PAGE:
In my second degree, an MA in Art History (1996), I started to think about objects in terms of systems, landscape, and architecture. I identify this as the deep origin of biological systems in my work. Markedly moving away from connoisseurship toward complex systems, I wrote a 200-page MA thesis in 1996 titled “Space Alienation: An Investigation of Henri Lefebvre’s Theory of Social Space.” As one can tell by the title, I was (and continue to be) very influenced by Donna Haraway’s ideas about merging academic scholarship and science fiction. This project started as an interrogation of Walmart and American urban sprawl in terms of Lefebvre’s ideas, and the writings of French theorists like Jean Baudrillard and Paul Virilio. I actually wrote two versions of this thesis, one that was extremely theoretical and very much true to myself, a copy of which went off with my application to the PhD program at Harvard’s Graduate School of Design, and a second version that was a deployment of Lefebvre’s ideas in the French suburban landscape, which I wrote to appease my committee members who were more hardline social historians. I ended up loving both versions: I am proud of both of these documents.
I was accepted to Harvard’s program (with the first very theoretical version) in Architecture, Landscape Architecture, and Urban Form, and ended up, after about 4 years roaming the entrails of the Harvard library system, spending 2.5 years in France writing a dissertation about mid-twentieth century French public housing, les grands ensembles. I never published this 400-page tome, but these ideas – including those from Jacques Derrida’s classes at the Ecole des Hautes Etudes – are with me in my blood. I will always arrive at what I am doing, at some level, through the lens of modern architecture and philosophy combined.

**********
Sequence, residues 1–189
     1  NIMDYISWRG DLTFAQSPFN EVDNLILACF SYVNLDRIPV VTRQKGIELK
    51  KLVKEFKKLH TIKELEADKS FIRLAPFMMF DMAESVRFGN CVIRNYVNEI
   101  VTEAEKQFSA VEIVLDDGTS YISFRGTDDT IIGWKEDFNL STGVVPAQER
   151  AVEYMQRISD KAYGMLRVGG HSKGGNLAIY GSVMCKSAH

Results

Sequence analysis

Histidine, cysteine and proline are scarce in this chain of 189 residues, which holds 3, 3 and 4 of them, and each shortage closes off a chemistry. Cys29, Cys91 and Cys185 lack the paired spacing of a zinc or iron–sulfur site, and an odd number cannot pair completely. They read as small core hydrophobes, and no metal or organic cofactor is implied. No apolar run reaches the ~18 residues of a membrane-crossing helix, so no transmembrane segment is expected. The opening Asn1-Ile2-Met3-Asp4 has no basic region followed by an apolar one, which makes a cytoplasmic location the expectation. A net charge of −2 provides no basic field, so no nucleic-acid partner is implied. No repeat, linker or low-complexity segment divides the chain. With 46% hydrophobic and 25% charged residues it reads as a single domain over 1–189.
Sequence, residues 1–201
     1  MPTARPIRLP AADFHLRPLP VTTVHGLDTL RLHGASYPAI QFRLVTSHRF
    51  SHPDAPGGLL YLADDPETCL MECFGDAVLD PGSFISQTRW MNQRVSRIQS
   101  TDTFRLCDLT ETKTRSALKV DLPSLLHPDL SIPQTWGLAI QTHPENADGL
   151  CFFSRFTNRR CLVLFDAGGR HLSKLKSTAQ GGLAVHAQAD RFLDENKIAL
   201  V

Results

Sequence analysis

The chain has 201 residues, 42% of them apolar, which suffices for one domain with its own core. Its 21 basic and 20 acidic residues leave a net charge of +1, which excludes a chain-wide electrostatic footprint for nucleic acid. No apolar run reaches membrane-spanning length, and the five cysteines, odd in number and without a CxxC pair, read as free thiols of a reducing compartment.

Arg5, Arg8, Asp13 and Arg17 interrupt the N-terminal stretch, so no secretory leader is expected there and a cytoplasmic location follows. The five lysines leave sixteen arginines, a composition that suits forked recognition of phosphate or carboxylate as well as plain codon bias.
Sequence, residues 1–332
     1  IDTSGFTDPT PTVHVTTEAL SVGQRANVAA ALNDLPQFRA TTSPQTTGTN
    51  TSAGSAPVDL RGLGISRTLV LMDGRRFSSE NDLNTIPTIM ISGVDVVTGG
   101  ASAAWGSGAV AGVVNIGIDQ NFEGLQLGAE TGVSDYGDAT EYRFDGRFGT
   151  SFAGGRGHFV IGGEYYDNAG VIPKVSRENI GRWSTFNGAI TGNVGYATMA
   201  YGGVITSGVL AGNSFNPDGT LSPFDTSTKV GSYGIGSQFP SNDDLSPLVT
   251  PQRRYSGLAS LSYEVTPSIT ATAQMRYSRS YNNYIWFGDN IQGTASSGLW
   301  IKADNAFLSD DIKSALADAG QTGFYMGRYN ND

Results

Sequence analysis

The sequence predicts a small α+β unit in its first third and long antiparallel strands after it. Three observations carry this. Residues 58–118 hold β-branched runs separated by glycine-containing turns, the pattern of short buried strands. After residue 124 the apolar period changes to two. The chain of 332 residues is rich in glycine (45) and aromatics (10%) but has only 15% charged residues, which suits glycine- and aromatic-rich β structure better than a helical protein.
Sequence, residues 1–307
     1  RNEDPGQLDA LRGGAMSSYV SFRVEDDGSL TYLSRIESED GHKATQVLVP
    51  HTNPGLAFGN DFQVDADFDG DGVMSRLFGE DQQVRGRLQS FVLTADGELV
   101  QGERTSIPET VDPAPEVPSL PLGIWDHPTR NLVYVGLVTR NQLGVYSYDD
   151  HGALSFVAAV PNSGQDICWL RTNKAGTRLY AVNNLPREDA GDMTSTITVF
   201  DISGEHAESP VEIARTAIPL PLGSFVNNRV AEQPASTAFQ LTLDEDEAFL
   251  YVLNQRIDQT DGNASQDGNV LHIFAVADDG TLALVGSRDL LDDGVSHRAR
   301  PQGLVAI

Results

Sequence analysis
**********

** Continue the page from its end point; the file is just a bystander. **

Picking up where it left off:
I came to Dallas in 2004 for a teaching position at Southern Methodist University, and returned to the theory-frenzied person that I really am – the Walmart-French theory person – and started working on a book about cars and conceptual art, which was eventually published as Automotive Prosthetic: Technological Mediation and the Car in Conceptual Art (2014). My work on biology and systems-approaches crystallized here. In this book, I resituated the dialogue around conceptual art, moving it away from linguistics, semiotics, Structuralism, and Poststructuralism toward technological interfacing and mediation, cybernetics and systems, kinetic perception, theories of affectivity and embodiment, phenomenology, and post-humanism. I located the origins of Conceptual Art in transformations of the greater mass media after WW II, focusing on the writings of Marshall McLuhan and Roland Barthes in the early 1950s and the groundbreaking exhibitions linking technology and conceptual art in the late 1960s and early 1970s, including The Machine as Seen at the End of the Mechanical Age in 1968-69 at the Museum of Modern Art in New York, Cybernetic Serendipity in 1968 at the Institute of Contemporary Arts in London, Software: Information Technology – Its New Meaning for Art in 1970 at the Jewish Museum in New York, and Information in 1970 at the Museum of Modern Art.